Art and Agency -Gell

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Several points that came to mind as I read Art and Agency:

 

  • According to Gell, the prevailing ‘aesthetic attitude’ is a Western generated and propagated historical outcome that bears no influence upon peoples who have not participated in the revelry.  He believes that the West has, “neutralized our idols by reclassifying them as art.” (Gell, 97)  He finds that the socio-cultural value that the West places on representational art can be explicated using the same theory he uses to explore idol worship in non-Western societies.  Here he equates the act of contemplating artworks museums as a form of idol-worship that he finds citations for in far-flung areas of the world, but I thought he was trying to get away from this trap of comparing ‘us’ to ‘them’, ‘high art’ and ‘primitive art.’  Further, this dichotomous trajectory is presented in an unbalanced and incomplete way as it avoids contemplating the ways in which people in different societies conceptualize what he considers ‘art’.  His account also totally obscures the role that aesthetic values play in the lives of art objects as social agents. 

 

  • Gell distinguishes between the two types of idols (aniconic and iconic) that perform by assuming either ambassadorial roles or gaining authority via resemblance.  The idol/art object becomes operational through a magic process that feeds off of intention and desire to act either via mimetic faculty or a contagion.  As an example, he cites volt sorcery where an image works to affect a being.  The object and the being are interconnected in an intimate way whereby manipulating the object will have an analogous effect upon the subject.  However, I have also witnessed this phenomenon in the opposite direction.  Every time I visit my father in New Mexico, he gives me holy dirt from the floor of an adobe monastery where Indians were have said to have been massacred.  This dirt is believed possess the most potent healing properties, one need only touch it to the afflicted area and it will be restored.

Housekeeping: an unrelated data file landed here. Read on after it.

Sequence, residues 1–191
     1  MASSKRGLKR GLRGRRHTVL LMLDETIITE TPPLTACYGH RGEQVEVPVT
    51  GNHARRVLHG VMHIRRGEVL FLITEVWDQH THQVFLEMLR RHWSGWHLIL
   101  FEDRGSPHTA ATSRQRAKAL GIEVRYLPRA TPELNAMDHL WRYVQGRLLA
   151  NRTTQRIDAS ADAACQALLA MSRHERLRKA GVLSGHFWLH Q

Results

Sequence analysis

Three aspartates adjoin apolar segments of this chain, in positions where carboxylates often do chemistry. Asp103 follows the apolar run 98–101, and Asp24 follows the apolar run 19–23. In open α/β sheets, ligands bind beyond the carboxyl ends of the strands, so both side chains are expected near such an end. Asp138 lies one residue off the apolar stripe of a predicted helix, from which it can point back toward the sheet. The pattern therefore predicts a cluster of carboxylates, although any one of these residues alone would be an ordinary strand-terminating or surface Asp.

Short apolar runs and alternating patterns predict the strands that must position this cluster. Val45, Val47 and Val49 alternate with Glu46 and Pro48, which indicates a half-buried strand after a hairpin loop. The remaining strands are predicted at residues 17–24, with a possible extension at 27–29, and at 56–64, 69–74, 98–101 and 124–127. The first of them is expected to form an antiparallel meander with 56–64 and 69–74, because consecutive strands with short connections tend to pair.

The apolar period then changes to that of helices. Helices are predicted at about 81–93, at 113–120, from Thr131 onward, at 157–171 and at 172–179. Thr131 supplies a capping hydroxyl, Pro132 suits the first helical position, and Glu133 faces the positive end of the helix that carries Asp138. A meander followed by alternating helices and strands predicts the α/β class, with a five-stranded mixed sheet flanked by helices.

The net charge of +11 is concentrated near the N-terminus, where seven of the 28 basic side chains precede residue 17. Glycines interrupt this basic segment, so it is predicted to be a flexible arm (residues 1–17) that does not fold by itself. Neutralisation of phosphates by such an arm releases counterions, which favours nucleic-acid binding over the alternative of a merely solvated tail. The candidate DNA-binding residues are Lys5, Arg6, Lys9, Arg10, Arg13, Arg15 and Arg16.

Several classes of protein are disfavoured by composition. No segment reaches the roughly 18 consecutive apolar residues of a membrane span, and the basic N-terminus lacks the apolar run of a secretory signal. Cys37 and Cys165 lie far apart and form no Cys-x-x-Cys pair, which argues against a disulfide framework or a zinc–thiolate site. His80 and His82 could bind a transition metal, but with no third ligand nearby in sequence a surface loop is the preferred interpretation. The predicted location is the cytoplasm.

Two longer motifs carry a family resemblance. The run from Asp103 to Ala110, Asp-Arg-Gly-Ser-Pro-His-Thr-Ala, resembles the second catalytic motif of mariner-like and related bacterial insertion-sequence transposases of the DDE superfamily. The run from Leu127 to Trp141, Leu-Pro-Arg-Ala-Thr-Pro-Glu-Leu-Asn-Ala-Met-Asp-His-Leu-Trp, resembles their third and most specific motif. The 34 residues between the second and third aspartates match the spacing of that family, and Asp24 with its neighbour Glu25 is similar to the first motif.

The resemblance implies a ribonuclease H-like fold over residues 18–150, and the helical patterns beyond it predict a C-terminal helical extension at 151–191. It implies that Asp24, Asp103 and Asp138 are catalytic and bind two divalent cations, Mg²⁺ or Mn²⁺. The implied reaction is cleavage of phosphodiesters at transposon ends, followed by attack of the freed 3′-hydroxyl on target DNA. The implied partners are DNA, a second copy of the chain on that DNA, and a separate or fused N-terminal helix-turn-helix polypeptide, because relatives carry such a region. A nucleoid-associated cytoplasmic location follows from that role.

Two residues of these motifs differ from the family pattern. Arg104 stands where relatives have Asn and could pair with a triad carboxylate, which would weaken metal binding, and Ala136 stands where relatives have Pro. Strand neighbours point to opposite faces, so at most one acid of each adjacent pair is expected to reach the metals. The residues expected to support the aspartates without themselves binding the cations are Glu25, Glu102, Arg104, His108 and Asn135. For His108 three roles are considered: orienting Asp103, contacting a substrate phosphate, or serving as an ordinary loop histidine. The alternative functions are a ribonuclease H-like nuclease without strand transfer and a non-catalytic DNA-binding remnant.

• Gell seems to draw a parallel between religion and art.  The object to him is more than itself and this in turn harkens religiosity.  I have read (and indeed myself experienced) that Rothko’s paintings are cited as an example of art that evokes intense emotive responses amongst its viewers.  But is that really a parallel to the religious experience?  Religion is a powerful answer, it is a promise, and an authority.  A work of art that makes you cry strikes me more as a question rather than an answer, a destabilizer, and a disempowering visual affront.  The shock and awe that certain works of art can cause can be related to the awesome quality that religious texts and rites can display.  Even the way in which art is displayed references the temple both in design and in way the observers gather and gaze.  Gell speaks of the capacity of art objects to captivate, that they ensnare us in a liminal state where indecipherability and wonder bind us. 

 

  • Art is being distributed in a similar way that Gell explains the distributed person as being.  I believe it to be distributed by things such as pop culture, events, celebrity, internet/technology…  Its likeness is reproduced and truth is not figured into the equation.  Just as the distributed person is exposed to sorcery because parts and images of you are scattered about, art is exposed in a parallel way.  “Vulnerability stems from the bare possibility of representation, which cannot be avoided.” (Gell, 103)  The questions begs, can we control our own representation?  Can art?  If it cannot be avoided, as Gell intuits, who or what has power over these representations?  Whether I like it or not, my image is used in a multiplicity of ways and the connotations and implications are far ranging (whether I know it or not).  Likewise an artistic act, like the theatrical re-enactment I mentioned last class of an attack on student protestors by the Thai military, can be used by the perpetrators (the military) against the victims (the students) to authorize further violence by construing images of the artistic attack and by channeling it through its state-controlled media outlets.  The victims did not realize that once an image is released, it is no longer exclusively in their control, and it can be used in unimaginable ways. (See Alan Klima’s, Funeral Casino for more details)

 

  • There is also a circuitous aspect to this sorcery, where the injured party gets injured because of what makes them who they are.  The victim is a necessary participant and becomes an objectified subject of attack.  So is the victim responsible for her own victimization?  Just because she buys into the belief system which is acting upon her?  I wonder if, for in the case of art, whether it can disentangle (and disenchant) itself with the forces responsible for its ‘distribution’ in order to protect its integrity.  And perhaps if art can truly transcend representation, its vulnerability will be hugely diminished.

 

  • When the agency of art changes, where does truth lie?  For Gell, agency is referred back to the subject.  He is redistributing power, pulling it from within and forcing it without.  What is the fall-out?  Does he consider where the subject starts and where the object ends?

 

 

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